Monday, March 19, 2012


Welcome back to The Shak.

Since my last post, I have been working on rebuilding the courtyard's raised beds. Having been sponsored solely by nature for the past so many years, they needed some TLC. I empty each bed of soil, reset the retaining lumber and refill with soil. Each shovel full of soil I remove goes through my home made soil sifter. It is a wheelbarrow with 1/2"x 1" wire over the top. The soil in the beds has acquired a high concentration of gravel over the years. Each shifted barrow full is dumped in a pile. When the bed is empty, I replace two barrows full of sifted soil. After spreading the soil into an even layer I add a layer of rabbit droppings mixed with straw followed by another two barrows of soil.
Use whatcha got!
One wonderful thing about rabbit droppings is that they are what is known as a cold fertilizer. This means they need not be composted before being used as fertilizer. From rabbit to soil...gone. And worms absolutely love the stuff.
Rabbit droppings and straw.

This bed is ready for planting
when the planter is ready for it 
 Thanks for stopping by...come again soon.

Shak Rabbits

Welcome back to The Shak.

The original nine kits will be two weeks old overnight. Their eyes have been opening over the last two days. The night before last, after I finished posting my blog, I went out to the barn to check on the beasties and found two of the nine bunnies bumbling around outside the nest box. They were hanging with mom. Between them they had two open eyes. I placed them back in the nest. Where they quickly found their littermates and rejoined the warm, white pile. Since then, I have not seen any kits out of the nest.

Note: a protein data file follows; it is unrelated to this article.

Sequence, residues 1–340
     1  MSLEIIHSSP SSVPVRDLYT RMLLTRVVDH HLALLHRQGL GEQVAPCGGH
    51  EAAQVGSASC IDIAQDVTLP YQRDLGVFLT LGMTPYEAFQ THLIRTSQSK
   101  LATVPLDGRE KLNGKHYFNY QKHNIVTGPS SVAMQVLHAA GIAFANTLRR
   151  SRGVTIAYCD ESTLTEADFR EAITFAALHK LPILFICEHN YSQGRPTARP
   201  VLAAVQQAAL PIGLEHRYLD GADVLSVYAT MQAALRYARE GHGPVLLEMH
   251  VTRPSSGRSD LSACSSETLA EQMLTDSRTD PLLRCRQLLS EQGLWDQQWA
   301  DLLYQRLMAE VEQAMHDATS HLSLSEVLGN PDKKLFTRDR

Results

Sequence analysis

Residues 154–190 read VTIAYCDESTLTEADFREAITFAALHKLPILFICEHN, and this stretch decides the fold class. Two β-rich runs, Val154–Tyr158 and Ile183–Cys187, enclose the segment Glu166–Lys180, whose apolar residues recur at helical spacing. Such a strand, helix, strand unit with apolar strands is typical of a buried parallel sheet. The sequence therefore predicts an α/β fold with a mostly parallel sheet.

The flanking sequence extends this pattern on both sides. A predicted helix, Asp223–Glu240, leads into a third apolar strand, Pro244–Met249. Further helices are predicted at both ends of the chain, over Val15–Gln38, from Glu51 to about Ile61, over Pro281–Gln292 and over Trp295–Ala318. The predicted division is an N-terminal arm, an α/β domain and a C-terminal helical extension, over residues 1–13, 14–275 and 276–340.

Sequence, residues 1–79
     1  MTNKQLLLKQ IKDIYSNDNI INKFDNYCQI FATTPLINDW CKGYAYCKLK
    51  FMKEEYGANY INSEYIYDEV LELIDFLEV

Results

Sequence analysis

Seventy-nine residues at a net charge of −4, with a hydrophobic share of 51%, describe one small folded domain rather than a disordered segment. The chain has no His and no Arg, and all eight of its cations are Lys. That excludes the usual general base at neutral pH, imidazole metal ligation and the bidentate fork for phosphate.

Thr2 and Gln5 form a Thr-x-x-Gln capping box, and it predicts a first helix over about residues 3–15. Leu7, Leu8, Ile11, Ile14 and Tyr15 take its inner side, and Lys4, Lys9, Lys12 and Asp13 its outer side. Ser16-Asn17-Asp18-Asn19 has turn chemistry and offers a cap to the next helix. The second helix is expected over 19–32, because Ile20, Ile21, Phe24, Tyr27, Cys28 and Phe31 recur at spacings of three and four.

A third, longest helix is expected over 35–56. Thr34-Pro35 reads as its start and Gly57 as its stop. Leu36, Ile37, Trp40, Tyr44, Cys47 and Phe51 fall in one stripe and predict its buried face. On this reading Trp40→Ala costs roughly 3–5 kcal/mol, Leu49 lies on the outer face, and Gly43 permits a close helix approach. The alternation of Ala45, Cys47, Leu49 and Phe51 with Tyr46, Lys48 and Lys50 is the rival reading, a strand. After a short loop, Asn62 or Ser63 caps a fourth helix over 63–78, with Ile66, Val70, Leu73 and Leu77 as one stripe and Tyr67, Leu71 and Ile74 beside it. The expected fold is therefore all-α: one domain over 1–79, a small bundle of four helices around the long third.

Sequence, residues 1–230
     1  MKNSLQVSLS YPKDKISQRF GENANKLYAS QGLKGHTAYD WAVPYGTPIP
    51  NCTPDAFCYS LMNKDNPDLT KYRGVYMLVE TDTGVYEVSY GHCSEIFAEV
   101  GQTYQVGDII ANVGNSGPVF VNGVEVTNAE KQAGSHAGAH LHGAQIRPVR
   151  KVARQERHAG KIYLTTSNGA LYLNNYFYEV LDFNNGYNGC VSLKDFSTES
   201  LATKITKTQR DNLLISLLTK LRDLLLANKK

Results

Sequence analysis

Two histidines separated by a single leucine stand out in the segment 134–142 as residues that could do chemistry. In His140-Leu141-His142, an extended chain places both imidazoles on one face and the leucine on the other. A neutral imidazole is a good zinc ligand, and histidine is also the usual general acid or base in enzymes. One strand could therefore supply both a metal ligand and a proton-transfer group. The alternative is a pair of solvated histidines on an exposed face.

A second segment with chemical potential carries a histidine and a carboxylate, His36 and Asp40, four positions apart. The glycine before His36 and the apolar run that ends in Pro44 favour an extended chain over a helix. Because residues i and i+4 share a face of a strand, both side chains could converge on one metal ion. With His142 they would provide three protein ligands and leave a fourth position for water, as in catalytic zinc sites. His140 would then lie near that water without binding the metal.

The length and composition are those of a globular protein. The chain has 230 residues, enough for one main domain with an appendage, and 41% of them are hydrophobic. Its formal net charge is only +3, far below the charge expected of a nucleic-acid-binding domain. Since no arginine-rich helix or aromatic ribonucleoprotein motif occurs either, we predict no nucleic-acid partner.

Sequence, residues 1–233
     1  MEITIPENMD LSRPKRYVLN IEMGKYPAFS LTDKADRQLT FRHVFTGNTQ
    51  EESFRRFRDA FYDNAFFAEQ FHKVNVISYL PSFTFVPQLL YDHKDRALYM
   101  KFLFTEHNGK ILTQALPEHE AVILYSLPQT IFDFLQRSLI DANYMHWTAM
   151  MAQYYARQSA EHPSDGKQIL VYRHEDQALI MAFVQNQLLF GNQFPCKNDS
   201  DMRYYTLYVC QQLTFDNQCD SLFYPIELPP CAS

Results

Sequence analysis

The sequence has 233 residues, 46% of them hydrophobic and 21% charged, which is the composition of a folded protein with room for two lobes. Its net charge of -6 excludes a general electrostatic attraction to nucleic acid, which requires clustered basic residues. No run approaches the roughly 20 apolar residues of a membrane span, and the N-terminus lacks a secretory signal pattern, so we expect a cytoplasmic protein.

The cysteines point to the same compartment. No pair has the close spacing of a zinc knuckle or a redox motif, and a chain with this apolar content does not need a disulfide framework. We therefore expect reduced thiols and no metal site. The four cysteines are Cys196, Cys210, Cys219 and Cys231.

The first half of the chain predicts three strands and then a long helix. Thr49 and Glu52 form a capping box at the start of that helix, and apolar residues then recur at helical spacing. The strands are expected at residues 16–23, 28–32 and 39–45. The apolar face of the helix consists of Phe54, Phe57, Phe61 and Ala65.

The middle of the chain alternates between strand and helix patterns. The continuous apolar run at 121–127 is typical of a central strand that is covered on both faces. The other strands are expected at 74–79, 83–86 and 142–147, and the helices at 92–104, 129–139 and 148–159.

To stand out in a sea of white,
one need only open one's eyes
If I may draw your attention away from all the cuteness, there are, not yet so cute, kits and a mother residing in the cage below. Sometimes I count thirteen, others fourteen. They are hard to count. When one moves, all move. Not wishing to bother them beyond checking for life and health, I leave them to their mother; who has taken up a certain liking for carrots. I put a carrot chunk in the far corner of her cage and her world narrows to the space between her teeth. Through my limited knowledge of Ancient Greek, I believe it accurate to refer to this condition as mydentia. The perfect distraction. All kits made it to the fourth day. Although I am not sure how many there are, I have found none dead. Somehow mother rabbit is taking care of business. She is eating both pellets and hay freely and drinking about 32oz. of water daily.
How many rabbits in the nest?...
...All of them!
What?... One pin standing!

Thanks for stopping by...come back soon.